Another Democratic challenger to Sen. Kirsten GillibrandKirsten GillibrandSenate approves Trump's Agriculture chief Dems urge Trump to include Northeast Corridor tunnel project in infrastructure bill Dems petition FDA to ban potentially toxic chemical from shampoos, body wash MORE (D-N.Y.) dropped out of the race on Tuesday, further clearing the field for the new senator as she heads into her first reelection bid.

In a statement, Manhattan Borough President Scott Stringer, who had formed an exploratory committee, said he will focus on his reelection campaign instead of pursuing the Senate.

Stringer's announcement comes four days after Rep. Steve Israel (D-N.Y.) also announced that he won't run against Gillibrand.

Israel noted that President Barack ObamaBarack Obama21 state AGs denounce DeVos for ending student loan reform Obama to net 0K for Wall Street speech: report Trump’s wall jams GOP in shutdown talks MORE urged him to clear the Democratic primary for Gillibrand, something Stringer also noted in his statement.

"In light of President Obama's clear desire to avoid a Democratic primary in New York state, I have decided to focus on my re-election race for Manhattan Borough President and to suspend my exploratory committee and fund-raising efforts for the 2010 Senate race," Stringer said.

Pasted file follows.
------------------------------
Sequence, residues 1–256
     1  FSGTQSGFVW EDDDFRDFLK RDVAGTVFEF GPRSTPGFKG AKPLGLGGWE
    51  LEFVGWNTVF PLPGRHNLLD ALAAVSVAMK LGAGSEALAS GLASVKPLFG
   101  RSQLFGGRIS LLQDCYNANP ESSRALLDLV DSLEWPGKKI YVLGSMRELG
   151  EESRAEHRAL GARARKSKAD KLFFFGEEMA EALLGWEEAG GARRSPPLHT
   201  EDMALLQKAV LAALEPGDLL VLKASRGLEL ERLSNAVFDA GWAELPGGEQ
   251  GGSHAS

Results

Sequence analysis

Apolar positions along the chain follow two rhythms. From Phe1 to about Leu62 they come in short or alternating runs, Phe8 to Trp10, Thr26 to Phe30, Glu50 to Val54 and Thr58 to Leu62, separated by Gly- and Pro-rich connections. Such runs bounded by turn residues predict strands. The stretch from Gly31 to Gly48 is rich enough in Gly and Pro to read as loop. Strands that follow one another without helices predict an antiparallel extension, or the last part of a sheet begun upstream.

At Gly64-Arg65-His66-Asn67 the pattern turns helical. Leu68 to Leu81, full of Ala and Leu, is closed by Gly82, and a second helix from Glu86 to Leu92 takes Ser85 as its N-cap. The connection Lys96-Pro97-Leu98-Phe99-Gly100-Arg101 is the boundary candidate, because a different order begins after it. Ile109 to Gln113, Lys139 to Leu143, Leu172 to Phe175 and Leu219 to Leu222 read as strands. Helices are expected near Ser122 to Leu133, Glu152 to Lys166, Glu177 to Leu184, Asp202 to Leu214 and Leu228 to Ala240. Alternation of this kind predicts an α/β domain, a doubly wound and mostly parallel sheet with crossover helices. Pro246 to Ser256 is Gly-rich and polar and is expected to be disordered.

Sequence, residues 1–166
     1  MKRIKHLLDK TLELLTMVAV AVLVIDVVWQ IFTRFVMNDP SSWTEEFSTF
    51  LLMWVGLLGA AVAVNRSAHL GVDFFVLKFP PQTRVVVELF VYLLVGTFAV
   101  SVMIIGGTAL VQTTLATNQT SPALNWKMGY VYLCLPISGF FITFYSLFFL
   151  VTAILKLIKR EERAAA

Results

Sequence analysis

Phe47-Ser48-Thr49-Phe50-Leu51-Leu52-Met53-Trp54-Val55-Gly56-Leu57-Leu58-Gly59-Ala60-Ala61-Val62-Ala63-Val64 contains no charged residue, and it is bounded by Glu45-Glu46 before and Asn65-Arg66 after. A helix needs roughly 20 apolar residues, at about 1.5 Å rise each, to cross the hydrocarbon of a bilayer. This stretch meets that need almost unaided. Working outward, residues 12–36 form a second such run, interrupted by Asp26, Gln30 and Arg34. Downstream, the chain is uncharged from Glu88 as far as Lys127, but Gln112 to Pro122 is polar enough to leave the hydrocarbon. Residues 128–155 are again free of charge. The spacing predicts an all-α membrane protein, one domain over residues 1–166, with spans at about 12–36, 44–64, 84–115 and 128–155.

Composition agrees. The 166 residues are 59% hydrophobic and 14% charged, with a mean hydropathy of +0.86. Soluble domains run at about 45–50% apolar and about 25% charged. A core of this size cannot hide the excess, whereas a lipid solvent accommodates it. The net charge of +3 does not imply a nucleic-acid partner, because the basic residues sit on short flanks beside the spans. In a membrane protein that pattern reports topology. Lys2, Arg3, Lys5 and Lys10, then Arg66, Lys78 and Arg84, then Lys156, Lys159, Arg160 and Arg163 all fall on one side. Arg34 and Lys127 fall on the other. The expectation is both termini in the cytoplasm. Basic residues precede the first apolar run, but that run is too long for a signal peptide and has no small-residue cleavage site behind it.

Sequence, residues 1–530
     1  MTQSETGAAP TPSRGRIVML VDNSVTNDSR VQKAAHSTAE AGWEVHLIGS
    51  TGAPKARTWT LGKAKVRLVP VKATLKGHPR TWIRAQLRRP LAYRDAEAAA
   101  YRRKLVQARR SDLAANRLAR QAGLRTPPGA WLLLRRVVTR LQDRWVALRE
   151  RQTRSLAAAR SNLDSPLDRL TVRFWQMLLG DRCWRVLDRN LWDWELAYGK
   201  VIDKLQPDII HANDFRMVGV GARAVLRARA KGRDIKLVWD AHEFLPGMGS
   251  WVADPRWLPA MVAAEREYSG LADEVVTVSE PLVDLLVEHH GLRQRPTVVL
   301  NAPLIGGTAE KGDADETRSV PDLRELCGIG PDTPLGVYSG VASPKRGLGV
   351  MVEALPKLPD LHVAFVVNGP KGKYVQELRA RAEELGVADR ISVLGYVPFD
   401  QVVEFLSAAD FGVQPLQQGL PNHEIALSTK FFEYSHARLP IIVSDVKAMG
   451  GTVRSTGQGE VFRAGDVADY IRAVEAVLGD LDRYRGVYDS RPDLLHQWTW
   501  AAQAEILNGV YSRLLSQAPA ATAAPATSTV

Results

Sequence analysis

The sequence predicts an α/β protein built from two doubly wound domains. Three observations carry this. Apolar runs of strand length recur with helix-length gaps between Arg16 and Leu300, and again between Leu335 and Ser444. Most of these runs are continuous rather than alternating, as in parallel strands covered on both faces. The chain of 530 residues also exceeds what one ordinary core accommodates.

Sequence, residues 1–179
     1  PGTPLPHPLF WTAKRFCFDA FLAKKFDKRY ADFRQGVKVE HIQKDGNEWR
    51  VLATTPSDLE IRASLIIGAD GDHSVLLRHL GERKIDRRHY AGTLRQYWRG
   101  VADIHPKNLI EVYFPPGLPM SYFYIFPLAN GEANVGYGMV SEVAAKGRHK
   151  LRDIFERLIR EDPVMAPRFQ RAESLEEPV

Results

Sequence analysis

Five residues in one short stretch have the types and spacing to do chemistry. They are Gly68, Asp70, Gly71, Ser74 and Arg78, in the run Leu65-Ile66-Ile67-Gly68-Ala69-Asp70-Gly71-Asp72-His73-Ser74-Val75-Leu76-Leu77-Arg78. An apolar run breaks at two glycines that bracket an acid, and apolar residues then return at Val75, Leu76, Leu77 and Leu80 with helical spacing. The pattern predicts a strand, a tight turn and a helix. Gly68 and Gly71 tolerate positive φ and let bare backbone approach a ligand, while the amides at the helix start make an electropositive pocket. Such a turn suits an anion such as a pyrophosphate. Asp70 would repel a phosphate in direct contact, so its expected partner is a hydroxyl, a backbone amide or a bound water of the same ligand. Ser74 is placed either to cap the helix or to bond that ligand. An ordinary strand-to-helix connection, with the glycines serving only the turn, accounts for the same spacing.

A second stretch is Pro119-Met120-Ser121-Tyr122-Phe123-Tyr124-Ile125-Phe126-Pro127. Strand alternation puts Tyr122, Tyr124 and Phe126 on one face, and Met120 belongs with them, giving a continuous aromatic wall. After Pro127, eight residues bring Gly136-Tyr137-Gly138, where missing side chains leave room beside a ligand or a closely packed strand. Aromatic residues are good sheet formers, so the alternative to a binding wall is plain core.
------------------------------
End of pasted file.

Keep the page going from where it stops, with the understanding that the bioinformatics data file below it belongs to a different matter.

The Hill reported Tuesday that Obama and, in particular, Sen. Charles SchumerCharles SchumerSchumer: 'Good for country' if Trump punts on border wall fight GOP senator: There will never be full U.S.-Mexico border wall GOP fundraiser enters crowded primary for Pa. Senate seat MORE (D-N.Y.) have gone on the offensive to try to prevent a messy Democratic Senate primary next year.

Other New York Democratic representatives are looking at the race. Congresswoman Carolyn Maloney (D-N.Y.), in particular, is reportedly telling people that she will run.

Rep. Carolyn McCarthyCarolyn McCarthyWhy Congress needs an openly atheist member, now Lobbying World Lobbying world MORE (D-N.Y.) has also indicated she is considering at the race.